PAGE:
Can we use an adverb and a prepositional phrase interchangeably in the following sentences?

A. (With adverb) She used to reach there on time daily.

(With phrase) She used to reach there on time on a daily basis.

B. (With adverb) She used to reach there in a well-prepared manner daily.

(With phrase) She used to reach there in a well-prepared manner on a daily basis.

  • 1
    Point of order: nobody says "on daily basis". The correct usage of that phrase is "on a daily basis".
    – John Doe
    Commented Feb 20, 2019 at 0:32
  • Updated my question as per your remark Commented Feb 21, 2019 at 11:57

3 Answers 3


All four of your examples are grammatical, but none are idiomatic.

"Daily: 1a : occurring, made, or acted upon every day //daily needs"

is not ordinarily a precise term - that is, while it specifies once per day, it is not ordinarily used to specify exactly when during the day the event occurs.

As an example, you might well say the "The sun rises daily", but if you live in temperate latitudes you're aware that the exact time of sunrise varies wildly during the year. For more exact instances, daily can be used, but with a modifying phrase: "The mail was delivered daily, at exactly 3 o'clock."

So, combining an inexact term like "daily" with a much more restrictive phrase like "on time" is jarring. Instead, you might try something like,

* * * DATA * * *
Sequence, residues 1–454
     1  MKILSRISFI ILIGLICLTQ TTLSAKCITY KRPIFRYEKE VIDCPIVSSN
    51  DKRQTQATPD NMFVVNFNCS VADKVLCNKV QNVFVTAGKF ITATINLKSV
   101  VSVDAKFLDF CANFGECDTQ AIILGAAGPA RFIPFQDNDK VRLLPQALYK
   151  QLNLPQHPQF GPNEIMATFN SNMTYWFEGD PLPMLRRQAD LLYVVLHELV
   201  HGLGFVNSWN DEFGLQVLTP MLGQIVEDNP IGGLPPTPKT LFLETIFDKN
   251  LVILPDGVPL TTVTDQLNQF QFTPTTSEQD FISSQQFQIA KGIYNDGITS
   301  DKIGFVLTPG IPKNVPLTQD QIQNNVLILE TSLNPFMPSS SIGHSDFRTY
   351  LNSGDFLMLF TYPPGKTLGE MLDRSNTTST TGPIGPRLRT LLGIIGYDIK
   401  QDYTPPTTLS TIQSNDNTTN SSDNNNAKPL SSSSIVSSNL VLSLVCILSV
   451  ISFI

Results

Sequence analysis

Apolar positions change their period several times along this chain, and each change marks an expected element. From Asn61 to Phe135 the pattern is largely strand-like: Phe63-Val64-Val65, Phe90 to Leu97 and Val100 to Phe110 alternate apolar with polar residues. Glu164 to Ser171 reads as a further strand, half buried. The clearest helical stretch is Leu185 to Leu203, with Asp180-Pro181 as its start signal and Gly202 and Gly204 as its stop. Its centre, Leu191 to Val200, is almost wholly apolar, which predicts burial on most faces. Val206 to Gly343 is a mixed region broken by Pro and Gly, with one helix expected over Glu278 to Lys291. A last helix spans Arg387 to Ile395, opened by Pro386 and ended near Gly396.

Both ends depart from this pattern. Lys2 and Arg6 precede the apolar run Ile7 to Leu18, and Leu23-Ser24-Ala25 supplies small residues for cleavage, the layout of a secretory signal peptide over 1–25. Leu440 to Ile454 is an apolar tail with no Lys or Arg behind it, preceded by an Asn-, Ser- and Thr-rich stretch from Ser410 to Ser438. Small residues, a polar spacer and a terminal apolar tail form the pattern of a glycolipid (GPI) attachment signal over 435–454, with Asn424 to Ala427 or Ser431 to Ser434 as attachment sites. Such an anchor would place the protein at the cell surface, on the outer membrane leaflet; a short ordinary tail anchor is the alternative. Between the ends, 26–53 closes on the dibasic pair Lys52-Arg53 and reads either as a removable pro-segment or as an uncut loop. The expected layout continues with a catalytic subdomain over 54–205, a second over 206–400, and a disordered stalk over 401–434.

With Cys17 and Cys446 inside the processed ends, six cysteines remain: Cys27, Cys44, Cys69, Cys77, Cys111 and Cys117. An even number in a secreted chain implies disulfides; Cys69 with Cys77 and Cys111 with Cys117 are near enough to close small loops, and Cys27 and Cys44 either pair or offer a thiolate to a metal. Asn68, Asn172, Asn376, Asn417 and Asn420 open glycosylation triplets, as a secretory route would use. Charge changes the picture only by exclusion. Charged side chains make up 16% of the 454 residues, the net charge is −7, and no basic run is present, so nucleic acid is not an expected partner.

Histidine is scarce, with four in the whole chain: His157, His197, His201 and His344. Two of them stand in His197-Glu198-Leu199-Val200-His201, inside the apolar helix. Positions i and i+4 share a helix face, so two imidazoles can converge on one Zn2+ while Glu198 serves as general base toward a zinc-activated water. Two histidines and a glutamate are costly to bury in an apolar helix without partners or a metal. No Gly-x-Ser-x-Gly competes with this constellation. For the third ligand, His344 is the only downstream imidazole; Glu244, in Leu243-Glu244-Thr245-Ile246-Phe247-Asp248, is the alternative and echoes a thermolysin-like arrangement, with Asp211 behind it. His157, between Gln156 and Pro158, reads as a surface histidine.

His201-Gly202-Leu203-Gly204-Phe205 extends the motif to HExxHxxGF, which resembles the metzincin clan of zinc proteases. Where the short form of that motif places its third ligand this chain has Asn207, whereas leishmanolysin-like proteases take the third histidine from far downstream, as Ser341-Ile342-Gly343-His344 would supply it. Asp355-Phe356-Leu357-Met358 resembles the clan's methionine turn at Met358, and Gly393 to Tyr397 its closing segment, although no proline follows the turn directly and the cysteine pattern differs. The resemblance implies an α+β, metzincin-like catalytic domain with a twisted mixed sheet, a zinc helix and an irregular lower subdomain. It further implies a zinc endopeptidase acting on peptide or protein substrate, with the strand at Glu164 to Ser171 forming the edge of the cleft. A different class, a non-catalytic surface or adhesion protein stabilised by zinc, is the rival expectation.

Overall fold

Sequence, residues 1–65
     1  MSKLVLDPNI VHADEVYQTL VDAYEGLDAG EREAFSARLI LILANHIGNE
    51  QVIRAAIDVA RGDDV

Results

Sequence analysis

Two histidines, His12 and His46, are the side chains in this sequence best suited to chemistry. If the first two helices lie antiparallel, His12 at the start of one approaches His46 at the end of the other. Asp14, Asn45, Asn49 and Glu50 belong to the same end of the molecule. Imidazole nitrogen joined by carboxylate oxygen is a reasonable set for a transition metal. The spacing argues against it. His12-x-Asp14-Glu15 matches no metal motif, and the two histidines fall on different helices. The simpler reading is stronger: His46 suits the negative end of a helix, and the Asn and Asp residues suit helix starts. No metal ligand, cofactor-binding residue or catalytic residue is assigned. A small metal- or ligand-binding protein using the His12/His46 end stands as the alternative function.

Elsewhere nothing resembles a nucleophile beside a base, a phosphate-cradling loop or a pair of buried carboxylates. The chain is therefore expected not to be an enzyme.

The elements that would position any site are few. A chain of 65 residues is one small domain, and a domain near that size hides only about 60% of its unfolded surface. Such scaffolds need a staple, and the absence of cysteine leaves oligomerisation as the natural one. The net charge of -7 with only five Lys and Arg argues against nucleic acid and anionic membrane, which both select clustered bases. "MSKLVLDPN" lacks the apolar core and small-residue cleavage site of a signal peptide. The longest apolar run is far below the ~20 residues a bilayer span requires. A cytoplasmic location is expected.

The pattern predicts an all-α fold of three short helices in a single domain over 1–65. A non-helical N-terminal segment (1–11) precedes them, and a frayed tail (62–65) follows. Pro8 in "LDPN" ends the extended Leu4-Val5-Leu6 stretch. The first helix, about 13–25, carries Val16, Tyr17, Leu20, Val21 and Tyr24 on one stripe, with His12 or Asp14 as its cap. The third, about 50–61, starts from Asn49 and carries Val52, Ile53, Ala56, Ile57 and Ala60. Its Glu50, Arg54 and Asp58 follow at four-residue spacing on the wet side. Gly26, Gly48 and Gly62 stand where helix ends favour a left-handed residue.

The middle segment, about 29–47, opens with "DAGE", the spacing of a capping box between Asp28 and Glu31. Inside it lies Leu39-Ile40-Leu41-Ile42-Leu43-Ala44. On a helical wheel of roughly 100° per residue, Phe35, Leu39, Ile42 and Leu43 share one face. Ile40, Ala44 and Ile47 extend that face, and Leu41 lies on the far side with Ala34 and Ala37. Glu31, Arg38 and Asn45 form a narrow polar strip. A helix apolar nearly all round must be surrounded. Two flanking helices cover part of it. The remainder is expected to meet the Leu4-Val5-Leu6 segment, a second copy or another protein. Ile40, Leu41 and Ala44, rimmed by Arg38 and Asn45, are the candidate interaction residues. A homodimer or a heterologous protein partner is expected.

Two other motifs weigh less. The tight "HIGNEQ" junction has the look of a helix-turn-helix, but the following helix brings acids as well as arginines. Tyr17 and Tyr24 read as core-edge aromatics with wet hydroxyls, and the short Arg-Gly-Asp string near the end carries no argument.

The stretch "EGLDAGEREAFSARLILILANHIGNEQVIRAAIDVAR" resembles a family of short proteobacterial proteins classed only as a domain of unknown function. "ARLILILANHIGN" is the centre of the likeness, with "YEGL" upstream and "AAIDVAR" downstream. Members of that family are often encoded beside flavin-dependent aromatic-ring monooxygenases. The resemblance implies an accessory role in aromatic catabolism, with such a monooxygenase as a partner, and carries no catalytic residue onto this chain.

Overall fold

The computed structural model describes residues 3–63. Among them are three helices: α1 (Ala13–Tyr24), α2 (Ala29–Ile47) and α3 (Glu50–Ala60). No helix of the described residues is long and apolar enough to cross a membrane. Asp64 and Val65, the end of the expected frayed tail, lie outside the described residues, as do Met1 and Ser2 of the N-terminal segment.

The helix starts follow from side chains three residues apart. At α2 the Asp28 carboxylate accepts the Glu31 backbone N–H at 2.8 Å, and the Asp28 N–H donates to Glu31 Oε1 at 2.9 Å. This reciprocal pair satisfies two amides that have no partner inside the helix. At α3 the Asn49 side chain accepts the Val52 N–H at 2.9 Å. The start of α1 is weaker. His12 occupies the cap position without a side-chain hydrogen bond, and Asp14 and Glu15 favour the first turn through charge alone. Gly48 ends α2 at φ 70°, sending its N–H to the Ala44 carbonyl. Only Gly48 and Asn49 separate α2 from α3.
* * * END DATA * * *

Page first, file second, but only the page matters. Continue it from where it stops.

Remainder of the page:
A. She used to arrive on time every day/regularly.

B. She used to reach there every day well-prepared.

Although B is still somewhat clumsy.

Also note that "in a well-prepared manner" is a very clumsy phrase.


Adverbs are used to describe verbs in terms of how or what manner in which they take place but proposition phrases add more sittings in which the actions (verbs) happened. They are not interchangeable.

  • In my examples, which statement do you think is correct? Commented Sep 19, 2017 at 5:12

Technically speaking, I think all four are grammatically correct. However, they are phrased awkwardly for a reason that I can't quite put my finger on.

For situations like this, I would structure the sentence one of two ways:

  • 1) Talk about what she used to do in context of why she doesn't anymore


Before her car went into the shop, she would arrive to her destination on time everyday.


Until recently she had been arriving to school every day well-prepared for all her classes.

  • 2) Switch the order of the phrases.


Every day she would show up on time.


Every day she would show up well-prepared.

Maybe it's the "reach there" phrase that's throwing me off, especially without the context of wherever "there" is.

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